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Lawsuit: Clark County School District officials put kids at risk of abuse


A civil rights lawsuit alleges Clark County School District authorities allowed disabled students to remain in a dangerous situation with an abusive aide while they used hidden cameras to conduct an undercover operation.

The allegations appear in an amended complaint filed this week in U.S. District Court by John and Dina Phipps, the parents of an autistic child who is nonverbal. The boy was a 10-year-old student at Variety School, a school for disabled students, when the allegations arose.

“This case involves the worst kind of abuse — the abuse of a disabled child who is unable to care for himself,” according to the revised complaint.

The case originally was filed in November in Clark County District Court, but the school district removed the case to federal court in January. The plaintiffs are represented by attorneys J. Mitchell Cobeaga, Robert Murdock and Eckley Keach.

Defendants include the school district and Lachelle James, a former teacher’s aide who was arrested in March 2012 on five counts of child abuse and one count of battery. She was 28 at the time.

“Student safety is our top priority at all times,” said Melinda Malone, a school district spokeswoman. “We strive every day to provide a safe environment for every child. We cannot comment on pending litigation.”

Malone said only that James “is not on paid status with the district.”

According to the amended lawsuit, at least one of the teachers at Variety School “abused and tortured the children,” including the son of John and Dina Phipps.

“When a different parent suspected her own child was being abused, she reported it to the proper authorities,” the document alleges. “What happened next is shocking. With knowledge of the abuse these children had suffered, at the hands of this teacher, rather than protecting the children from any further abuse, they undertook an undercover operation with hidden cameras. With deliberate indifference, the school district authorities allowed these children to remain in this dangerous situation subject to further abuse.”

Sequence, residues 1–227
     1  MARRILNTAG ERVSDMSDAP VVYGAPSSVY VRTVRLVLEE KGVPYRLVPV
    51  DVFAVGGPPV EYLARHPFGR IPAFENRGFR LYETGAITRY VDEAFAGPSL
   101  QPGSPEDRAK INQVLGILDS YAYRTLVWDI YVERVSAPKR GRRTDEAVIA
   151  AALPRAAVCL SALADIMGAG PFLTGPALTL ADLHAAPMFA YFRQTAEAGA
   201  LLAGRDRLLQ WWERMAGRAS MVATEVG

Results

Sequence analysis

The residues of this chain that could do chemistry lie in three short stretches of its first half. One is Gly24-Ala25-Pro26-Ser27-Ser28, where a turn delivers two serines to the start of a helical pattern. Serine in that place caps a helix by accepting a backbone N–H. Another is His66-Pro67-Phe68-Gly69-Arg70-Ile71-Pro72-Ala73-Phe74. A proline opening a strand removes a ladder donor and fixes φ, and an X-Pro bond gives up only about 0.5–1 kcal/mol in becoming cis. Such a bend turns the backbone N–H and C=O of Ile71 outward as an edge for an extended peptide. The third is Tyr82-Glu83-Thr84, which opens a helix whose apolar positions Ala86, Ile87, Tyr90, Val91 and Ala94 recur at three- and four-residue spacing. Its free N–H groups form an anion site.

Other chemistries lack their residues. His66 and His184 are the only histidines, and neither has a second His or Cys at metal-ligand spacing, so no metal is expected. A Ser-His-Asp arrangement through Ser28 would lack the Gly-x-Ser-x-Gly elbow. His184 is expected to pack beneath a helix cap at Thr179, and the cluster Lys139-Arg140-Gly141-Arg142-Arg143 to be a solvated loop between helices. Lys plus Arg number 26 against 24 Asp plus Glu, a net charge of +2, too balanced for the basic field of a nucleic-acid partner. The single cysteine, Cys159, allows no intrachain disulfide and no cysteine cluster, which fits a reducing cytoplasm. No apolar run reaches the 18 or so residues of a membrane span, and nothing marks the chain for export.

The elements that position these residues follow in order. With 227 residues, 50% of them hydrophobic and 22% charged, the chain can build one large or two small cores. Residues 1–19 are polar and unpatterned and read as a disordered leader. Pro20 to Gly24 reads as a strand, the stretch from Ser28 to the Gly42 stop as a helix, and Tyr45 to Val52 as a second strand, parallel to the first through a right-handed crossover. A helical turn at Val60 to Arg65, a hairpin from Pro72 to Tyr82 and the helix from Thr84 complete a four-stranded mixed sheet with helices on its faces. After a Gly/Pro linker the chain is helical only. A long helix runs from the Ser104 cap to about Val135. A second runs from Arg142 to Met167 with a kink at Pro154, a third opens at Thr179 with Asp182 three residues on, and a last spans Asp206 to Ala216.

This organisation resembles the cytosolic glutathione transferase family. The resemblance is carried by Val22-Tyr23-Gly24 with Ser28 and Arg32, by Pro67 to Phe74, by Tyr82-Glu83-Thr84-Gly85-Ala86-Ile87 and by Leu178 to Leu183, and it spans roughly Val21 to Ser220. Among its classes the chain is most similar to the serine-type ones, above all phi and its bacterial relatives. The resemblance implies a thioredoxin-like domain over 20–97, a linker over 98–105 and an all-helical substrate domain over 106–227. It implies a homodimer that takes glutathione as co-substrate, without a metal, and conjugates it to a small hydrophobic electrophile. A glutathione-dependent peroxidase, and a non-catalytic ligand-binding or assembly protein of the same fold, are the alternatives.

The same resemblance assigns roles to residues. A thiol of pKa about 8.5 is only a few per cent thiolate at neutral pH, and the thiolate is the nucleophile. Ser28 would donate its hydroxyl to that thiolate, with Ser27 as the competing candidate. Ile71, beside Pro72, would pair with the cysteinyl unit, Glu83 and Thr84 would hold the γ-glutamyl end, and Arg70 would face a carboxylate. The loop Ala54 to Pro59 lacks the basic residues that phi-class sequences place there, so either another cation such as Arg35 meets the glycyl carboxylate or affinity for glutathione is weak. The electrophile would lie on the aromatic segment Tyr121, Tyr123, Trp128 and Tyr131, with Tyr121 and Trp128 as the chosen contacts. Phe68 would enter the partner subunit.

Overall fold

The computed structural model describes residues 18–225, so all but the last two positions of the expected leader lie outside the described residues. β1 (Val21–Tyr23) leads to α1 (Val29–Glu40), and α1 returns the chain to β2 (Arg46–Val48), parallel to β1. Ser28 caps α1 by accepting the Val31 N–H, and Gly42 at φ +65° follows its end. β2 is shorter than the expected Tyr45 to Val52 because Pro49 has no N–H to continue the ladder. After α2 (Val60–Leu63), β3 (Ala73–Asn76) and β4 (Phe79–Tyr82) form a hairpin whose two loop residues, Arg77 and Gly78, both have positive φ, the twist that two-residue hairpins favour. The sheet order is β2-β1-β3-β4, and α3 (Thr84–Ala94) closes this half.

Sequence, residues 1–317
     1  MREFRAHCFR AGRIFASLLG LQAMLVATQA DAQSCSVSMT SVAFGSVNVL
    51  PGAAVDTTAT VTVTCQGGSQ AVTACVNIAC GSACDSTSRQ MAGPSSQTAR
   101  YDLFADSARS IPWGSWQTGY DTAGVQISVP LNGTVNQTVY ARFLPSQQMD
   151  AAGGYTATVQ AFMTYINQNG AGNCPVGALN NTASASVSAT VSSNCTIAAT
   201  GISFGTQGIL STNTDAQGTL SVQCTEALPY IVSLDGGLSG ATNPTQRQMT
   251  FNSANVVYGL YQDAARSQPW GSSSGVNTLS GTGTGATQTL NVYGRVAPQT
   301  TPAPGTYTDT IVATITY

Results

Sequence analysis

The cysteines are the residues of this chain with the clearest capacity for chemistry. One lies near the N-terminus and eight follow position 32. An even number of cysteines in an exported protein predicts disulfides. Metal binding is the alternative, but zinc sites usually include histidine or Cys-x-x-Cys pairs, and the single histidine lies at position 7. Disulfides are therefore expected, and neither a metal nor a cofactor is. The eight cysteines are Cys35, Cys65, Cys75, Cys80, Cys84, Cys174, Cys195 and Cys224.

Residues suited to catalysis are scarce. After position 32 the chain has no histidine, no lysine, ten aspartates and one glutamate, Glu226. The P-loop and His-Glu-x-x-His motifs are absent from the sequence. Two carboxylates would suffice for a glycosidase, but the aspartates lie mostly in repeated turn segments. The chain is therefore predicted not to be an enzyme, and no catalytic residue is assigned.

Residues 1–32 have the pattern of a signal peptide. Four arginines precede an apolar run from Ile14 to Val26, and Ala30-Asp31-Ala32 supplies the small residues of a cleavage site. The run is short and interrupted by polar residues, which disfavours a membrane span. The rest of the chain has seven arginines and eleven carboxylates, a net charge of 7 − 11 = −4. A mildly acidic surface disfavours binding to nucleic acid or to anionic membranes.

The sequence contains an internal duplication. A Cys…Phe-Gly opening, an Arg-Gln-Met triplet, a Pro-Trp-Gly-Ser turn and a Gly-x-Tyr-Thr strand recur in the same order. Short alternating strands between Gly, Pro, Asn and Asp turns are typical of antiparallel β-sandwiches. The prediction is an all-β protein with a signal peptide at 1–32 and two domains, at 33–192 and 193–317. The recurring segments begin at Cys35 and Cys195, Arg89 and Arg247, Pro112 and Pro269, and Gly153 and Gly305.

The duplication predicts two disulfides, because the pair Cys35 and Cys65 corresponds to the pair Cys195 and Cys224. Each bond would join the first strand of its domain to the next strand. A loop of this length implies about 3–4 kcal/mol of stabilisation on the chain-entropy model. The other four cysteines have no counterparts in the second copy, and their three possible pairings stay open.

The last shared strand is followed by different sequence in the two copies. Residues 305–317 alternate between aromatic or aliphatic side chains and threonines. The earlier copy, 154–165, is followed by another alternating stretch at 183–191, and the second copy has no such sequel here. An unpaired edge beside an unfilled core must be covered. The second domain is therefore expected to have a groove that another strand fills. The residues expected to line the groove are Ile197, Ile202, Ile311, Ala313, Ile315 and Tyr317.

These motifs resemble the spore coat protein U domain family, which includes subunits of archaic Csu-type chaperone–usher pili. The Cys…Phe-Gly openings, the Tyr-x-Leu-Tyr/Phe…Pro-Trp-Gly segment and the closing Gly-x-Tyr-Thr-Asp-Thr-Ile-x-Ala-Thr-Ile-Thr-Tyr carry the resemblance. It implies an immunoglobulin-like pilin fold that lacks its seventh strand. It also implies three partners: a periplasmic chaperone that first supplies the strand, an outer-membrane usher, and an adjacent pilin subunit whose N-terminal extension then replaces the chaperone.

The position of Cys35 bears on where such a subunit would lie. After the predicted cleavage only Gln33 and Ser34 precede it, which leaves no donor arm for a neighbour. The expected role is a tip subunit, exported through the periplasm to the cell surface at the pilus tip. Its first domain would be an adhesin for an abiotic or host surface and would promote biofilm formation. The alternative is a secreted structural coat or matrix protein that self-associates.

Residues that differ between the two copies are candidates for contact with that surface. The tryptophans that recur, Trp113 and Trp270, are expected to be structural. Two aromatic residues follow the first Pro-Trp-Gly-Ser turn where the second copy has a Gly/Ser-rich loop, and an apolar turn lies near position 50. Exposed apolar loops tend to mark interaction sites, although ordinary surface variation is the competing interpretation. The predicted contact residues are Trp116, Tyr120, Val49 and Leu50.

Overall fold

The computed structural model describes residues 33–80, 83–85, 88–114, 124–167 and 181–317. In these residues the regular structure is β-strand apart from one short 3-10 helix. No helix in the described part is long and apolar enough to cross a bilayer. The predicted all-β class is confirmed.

The son of John and Dina Phipps began attending Variety School in the spring of 2010, according to the lawsuit; in August 2011, he began the school year with various substitute teachers.

As the school year went on, the lawsuit alleges, the parents noticed random rug burns and bruises on their son and complained to the principal. The parents were told the principal had investigated the matter and found that the boy had caused his own injuries.

“Around 2012, unbeknownst to plaintiffs, another parent from the same classroom alleged that they suspected abuse in the classroom,” according to the lawsuit.

The other parent contacted school district personnel, placing the district on notice “that a child’s constitutional rights were likely violated.”

Instead of notifying parents of students in the class, the document alleges, school district personnel “used the children as pawns and bait” and set up a “covert surveillance” of the classroom. They then monitored the hidden cameras at an off-site location through a live Internet feed.

“The CCSD personnel knew they were merely going to be able to view and witness the continued torture of these children with no ability to intervene as the abuse was being inflicted and as these innocent victims suffered even more,” according to the lawsuit. “This all came true.”

On March 6, 2012, the lawsuit alleges, the son of John and Dina Phipps “was subjected to torture and abuse” when James and a substitute teacher dragged the boy by his arms into the center of the classroom.

According to the document, James then grabbed the boy by his left arm and dragged him “face first on the ground” before placing her right knee and shin on his lower back, buttocks and left leg, and pinning him to the ground.

James repeatedly dragged the boy and pinned him down, according to the lawsuit, and “it appears as if Ms. James was attempting to break his arm.”

The lawsuit seeks unspecified general, special and punitive damages.

“The CCSD personnel have admitted that the actions of defendant James were inappropriate and served no legitimate purpose,” according to the document.

The lawsuit accuses the school district of discrimination on the basis of disability. It also claims the district “failed to train and/or supervise its teachers and employees as to appropriate discipline, safety, and supervision of its students.”

Contact reporter Carri Geer Thevenot at cgeer@reviewjournal.com or 702-384-8710.

 

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